“I understand that many people are very concerned that certain Pan-Democrats are being arrested by the SAR government in connection with a so-called elementary school,” Tong said. “I am confident that although many people will be arrested, they will be treated fairly according to the law.”

Well-known Hong Kong activist Nathan Law, who fled to London shortly before the national security law came into force, described the mass arrests as “outrageous”. Law was another founding member of Demosisto, which was dissolved the same day Beijing passed the new legislation.

“It is an obvious act to disregard people’s democratic rights and to insult democracy,” he told ABC News. “This is another round of political persecution. I urge the international community to react, including the European Parliament, to stop the EU-China investment deal.”

Emily Lau, a former Democratic Party lawmaker who was the first woman directly elected to the Hong Kong Legislative Council in 1991, also incriminated the recent detentions, calling them “shameful and ridiculous”.

“This is an obvious attempt to intimidate pro-democracy activists and warn people not to get involved in politics and cooperation,” Lau told ABC News.

The election of US President-elect Joe Biden as Secretary of State Antony Blinken went to Twitter to condemn the Hong Kong arrests, calling it “an attack on those who valiantly stand up for universal rights”. He said Biden’s new government would “stand with the people of Hong Kong and Beijing’s crackdown on democracy.”

The timing of the arrests raised some eyebrows in the midst of a crucial runoff election for the US Senate in the battlefield state of Georgia and just two weeks before Biden’s inauguration.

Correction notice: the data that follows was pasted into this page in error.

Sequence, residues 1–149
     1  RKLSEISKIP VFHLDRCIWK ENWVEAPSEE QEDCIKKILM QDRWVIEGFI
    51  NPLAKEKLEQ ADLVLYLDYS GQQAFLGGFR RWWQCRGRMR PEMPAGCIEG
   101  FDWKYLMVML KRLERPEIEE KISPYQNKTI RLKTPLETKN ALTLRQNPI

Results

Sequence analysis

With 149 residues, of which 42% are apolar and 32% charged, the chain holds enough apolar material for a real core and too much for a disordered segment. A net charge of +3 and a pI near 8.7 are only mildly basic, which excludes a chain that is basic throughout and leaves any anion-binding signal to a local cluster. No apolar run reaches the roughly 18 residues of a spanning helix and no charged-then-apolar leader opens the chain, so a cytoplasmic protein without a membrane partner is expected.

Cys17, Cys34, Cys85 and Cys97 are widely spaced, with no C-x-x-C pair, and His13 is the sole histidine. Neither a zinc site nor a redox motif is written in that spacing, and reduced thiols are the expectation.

“It seems like a pretty aggressive move, and it’s not going to go down well in Washington,” said David Zweig, professor emeritus of social sciences at Hong Kong University of Science and Technology and chief executive of Transnational China Consulting Limited.

“You’d think they’d been waiting to do something like this until the new administration came in,” he told ABC News. “Perhaps people think that now is the chance, now that there is a pause between the election and the inauguration, and that this gives them time to do so.”

The arrests also come a week after the European Union agreed to a trade deal with China that has been in place for seven years.

Wednesday’s arrests are part of a broader crackdown on the pro-democracy movement that has gripped Hong Kong for months in 2019 and poses one of the greatest challenges to the Chinese Communist Party’s rule in decades. The protests have more or less subsided since the national security law came into force.

Beijing says the legislation is necessary to restore stability to Hong Kong. However, the law has been heavily criticized by the international community, with both the United States and the European Union saying it suppresses freedoms guaranteed under the one country, two systems agreement between Hong Kong and mainland China.

Other prominent opposition activists who remain detained under the national security law include media tycoon Jimmy Lai and Agnes Chow, who co-founded the now-defunct Demosisto group with Wong and Law.